An empty oxygen tank sits in a car featuring iconic images of "The Lord of Miracles" as the car's driver asks an oxygen refill store if there's enough supply to get in line, in the Villa El Salvador shantytown of Lima, Peru, Thursday, Jan. 21, 2021, amid the COVID-19 pandemic. The driver was turned away because the store had already assigned the day's oxygen maximum amount of refills, 20, to people who arrived earlier. (AP Photo/Martin Mejia)
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VILLA EL SALVADOR, Peru (AP) — In the middle of what was once a sandy desert, on the outskirts of Peru’s capital, a new routine has emerged for many of the residents of the densely populated city of Villa El Salvador.

With the lives of friends or relatives at stake because of the new coronavirus, people are spending their days searching for a place to buy oxygen, preferably without having to spend their life savings.

Oxygen is crucial to save the lives of those critically ill with COVID-19. And in this city of more than 508,000 people, it has become a scarce commodity just as a second wave of coronavirus infections hits the South American country.

“It’s so sad to see that all people go through this,” Noa Torres, 34, said Thursday outside a facility that sells oxygen. “It is sad to see that not only I, all people, are waiting for oxygen for their family.”

People are carrying empty oxygen tanks, bought in the black market, around town, hoping to find a place to fill them. The hunt for oxygen is in part the result of the government’s lack of preparedness to handle the pandemic. Most of the hospitals in Peru do not have the equipment necessary to produce oxygen.

The desperation for oxygen has led some businesses to triple its price, forcing many to plunder their savings or sell belongings to afford it.

But while some are price gauging, others are stepping in to help. In Villa El Salvador, a group of 13 friends, among them engineers, economists and lawyers, pooled their savings to recently open an oxygen plant. At their facility, a cubic meter of oxygen sells for $4.10, while other places charge up to $13.69 for the same amount.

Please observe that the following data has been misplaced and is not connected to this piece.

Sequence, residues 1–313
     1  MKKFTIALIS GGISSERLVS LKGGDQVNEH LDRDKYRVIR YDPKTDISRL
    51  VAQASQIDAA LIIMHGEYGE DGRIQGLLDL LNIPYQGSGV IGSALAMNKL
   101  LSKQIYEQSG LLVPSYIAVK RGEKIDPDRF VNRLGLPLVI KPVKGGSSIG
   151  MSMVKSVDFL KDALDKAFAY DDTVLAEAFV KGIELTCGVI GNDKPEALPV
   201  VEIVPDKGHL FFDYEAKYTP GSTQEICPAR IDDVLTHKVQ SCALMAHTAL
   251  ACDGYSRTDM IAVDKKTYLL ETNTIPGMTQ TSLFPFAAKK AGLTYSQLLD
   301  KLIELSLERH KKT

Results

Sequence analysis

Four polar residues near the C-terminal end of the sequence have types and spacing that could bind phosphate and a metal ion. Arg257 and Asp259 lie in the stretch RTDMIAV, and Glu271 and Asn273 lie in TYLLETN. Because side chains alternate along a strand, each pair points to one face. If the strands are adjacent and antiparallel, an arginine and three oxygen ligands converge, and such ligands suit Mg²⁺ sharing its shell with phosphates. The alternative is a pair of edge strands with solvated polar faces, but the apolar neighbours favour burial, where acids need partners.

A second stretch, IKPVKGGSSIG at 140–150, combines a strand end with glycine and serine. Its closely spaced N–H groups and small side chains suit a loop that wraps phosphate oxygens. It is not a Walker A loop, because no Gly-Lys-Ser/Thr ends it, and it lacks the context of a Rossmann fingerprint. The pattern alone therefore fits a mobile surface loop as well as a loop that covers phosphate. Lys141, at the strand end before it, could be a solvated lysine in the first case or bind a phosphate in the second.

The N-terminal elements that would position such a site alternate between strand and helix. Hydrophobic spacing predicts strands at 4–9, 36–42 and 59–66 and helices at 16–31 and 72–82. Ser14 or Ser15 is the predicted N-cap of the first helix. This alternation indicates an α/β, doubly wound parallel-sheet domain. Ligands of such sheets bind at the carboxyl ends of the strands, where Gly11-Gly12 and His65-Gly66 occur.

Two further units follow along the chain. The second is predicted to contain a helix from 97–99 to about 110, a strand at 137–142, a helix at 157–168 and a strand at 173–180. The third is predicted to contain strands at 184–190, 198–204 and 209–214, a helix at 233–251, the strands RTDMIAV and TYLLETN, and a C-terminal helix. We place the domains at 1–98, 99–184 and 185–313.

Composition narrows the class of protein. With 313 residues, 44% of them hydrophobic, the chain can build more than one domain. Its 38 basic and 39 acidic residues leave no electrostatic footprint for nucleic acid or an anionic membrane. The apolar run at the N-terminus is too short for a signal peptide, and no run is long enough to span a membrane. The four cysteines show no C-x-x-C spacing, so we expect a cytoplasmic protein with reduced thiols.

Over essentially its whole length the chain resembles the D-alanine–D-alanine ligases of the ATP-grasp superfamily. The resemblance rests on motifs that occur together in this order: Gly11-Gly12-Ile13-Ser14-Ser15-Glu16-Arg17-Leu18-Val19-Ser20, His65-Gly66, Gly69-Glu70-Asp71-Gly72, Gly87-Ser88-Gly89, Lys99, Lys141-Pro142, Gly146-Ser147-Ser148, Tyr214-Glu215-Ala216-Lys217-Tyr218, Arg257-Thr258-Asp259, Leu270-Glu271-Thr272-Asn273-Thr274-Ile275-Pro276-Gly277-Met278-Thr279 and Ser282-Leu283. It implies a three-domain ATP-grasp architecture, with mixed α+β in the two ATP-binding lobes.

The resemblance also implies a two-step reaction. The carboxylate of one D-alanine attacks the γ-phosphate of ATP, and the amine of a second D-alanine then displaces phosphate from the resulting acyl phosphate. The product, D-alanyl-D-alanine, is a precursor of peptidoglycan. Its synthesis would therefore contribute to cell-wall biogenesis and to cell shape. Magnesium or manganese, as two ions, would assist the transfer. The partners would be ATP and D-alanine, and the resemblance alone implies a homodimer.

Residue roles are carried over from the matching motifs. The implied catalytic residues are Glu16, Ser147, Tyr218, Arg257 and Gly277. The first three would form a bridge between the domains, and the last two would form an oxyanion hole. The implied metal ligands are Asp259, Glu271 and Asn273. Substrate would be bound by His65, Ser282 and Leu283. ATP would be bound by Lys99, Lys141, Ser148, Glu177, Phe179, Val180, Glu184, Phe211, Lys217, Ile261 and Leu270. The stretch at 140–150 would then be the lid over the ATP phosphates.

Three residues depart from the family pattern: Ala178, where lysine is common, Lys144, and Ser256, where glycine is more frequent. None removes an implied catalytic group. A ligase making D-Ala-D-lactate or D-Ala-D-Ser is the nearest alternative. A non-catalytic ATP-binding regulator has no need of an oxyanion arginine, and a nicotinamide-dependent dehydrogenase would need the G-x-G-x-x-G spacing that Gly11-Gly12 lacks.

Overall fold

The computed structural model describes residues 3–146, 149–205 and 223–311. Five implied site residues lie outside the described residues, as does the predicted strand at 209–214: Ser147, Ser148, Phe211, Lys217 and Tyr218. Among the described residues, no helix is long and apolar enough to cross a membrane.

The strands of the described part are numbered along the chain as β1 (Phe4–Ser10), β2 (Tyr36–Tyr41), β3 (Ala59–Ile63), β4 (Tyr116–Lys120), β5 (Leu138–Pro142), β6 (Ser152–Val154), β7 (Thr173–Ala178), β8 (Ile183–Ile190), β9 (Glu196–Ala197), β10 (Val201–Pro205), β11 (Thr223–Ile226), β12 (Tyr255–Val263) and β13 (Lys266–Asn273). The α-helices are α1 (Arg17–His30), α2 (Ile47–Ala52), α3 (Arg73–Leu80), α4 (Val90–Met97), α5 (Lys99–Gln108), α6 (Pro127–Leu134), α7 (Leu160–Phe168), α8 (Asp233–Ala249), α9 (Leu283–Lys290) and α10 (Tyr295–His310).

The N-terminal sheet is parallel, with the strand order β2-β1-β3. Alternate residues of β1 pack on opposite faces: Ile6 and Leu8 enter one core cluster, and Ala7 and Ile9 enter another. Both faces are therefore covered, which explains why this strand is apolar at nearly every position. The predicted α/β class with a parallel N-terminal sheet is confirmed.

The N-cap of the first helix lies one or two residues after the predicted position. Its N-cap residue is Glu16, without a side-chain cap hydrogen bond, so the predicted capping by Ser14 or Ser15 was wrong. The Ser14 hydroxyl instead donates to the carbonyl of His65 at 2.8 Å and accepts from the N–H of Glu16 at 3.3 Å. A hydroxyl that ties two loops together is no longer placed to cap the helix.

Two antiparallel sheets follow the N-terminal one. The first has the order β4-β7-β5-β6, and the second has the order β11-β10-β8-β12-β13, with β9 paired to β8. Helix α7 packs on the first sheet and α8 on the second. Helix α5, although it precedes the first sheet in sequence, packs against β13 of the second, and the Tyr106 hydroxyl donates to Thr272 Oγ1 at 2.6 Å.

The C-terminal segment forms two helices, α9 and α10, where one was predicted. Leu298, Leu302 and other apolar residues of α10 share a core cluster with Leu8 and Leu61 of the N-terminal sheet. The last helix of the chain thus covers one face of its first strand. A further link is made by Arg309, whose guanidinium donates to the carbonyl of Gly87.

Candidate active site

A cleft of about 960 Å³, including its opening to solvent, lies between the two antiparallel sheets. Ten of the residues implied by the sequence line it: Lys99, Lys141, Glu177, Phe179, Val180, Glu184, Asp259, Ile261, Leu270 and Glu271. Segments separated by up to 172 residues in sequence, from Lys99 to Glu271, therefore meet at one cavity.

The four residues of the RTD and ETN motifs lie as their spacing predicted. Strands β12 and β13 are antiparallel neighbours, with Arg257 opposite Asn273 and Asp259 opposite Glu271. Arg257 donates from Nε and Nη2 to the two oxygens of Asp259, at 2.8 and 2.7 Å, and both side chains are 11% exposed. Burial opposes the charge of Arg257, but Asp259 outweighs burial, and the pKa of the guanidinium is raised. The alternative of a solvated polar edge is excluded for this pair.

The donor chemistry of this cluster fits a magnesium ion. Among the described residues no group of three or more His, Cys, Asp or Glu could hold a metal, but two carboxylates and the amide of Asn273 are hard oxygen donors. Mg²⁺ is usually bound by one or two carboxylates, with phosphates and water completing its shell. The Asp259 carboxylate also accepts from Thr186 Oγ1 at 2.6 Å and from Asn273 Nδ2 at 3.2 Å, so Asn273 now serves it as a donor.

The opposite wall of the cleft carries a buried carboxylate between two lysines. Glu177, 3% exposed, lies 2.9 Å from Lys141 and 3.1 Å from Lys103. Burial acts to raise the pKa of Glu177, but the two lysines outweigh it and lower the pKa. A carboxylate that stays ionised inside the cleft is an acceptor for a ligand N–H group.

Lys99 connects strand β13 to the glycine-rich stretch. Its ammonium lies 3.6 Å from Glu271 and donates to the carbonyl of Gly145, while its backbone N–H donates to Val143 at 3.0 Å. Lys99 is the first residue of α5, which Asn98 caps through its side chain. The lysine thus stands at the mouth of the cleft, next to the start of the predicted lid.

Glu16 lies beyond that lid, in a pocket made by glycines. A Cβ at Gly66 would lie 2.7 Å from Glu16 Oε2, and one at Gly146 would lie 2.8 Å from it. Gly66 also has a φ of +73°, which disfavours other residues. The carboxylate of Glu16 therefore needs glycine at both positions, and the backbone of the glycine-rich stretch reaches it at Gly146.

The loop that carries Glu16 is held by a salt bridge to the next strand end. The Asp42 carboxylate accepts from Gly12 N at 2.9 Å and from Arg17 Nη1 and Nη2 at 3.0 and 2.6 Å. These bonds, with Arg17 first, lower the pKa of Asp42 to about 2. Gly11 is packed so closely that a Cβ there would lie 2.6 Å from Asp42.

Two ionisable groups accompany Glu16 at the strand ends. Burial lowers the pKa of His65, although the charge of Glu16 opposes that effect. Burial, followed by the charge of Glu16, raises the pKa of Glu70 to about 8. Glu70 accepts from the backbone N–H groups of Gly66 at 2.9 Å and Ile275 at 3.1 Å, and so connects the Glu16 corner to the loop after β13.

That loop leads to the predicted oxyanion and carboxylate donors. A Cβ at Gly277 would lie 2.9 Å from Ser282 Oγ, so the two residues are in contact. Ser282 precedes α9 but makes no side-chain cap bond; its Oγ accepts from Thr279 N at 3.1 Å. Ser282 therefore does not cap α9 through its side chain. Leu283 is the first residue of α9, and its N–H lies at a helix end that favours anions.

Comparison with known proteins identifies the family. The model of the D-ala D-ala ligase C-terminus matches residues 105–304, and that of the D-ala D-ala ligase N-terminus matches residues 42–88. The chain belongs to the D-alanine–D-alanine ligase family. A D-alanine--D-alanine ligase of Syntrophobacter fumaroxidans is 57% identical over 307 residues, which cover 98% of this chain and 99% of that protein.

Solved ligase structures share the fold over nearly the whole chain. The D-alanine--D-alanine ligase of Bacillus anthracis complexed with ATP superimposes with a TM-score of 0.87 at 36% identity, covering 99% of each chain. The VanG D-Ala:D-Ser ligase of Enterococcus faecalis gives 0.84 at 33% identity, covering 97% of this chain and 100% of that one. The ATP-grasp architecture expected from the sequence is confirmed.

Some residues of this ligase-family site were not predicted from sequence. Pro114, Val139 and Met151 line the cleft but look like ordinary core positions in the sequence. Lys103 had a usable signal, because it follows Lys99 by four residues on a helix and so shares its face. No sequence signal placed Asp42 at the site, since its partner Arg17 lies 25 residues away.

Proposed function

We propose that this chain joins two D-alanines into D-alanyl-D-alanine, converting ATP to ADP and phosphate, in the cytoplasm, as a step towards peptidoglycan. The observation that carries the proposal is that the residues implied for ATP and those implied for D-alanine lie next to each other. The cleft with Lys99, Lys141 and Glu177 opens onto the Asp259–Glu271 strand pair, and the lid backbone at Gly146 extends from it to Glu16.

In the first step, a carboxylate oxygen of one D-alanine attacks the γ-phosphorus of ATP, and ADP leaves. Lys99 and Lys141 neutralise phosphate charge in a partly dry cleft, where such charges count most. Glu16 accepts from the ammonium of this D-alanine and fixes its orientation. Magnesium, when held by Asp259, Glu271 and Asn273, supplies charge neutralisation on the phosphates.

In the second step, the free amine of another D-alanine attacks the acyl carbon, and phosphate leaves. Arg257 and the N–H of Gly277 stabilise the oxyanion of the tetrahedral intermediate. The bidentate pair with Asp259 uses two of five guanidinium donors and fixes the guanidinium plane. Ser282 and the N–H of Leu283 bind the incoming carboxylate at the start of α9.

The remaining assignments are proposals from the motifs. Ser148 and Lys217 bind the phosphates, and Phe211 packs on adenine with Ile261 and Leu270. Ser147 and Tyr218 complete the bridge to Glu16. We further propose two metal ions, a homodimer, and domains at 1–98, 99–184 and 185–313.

The young entrepreneurs say they are not trying to profit off of COVID-19, they just want to help the most vulnerable population in Lima. Their plant has drawn people from all corners of the city since it opened, with the lemon green tanks lined up on the sidewalk.

“Everyone has gone through the disease,” Juan Carlos Urbano, 45, said referring to his family while he waited to refill a tank outside the entrepreneurs’ facility. “Right now, there are four who are ill and one who is in serious condition and in need of oxygen. Most of the families I think are in this situation.”

Peru has tallied more than 1 million cases and over 39,000 deaths of COVID-19, according to data from Johns Hopkins University.

Developing nations often lack the reliable supply of medical oxygen found in wealthy Europe and North America, where it is delivered in liquid form by tanker truck and piped directly to the beds of coronavirus patients.

But even in Los Angeles, a recent surge of coronavirus cases overwhelmed clinics and created a shortage of oxygen that led to a directive for ambulance crews to stop transporting patients they can’t revive in the field.

Parts of Peru, Bolivia, Mexico and Brazil also have suffered periodic shortages of oxygen as COVID-19 peaked at various times in recent months.

The Peruvian government on Thursday unveiled new oxygen-production equipment to assist hospitals across the country.

“Oxygen is life and these machines will bring life to various regions of our country, and they will continue working to ensure that health and the right to life is something concrete and real for all Peruvians,” President Francisco Sagasti said during the unveiling ceremony.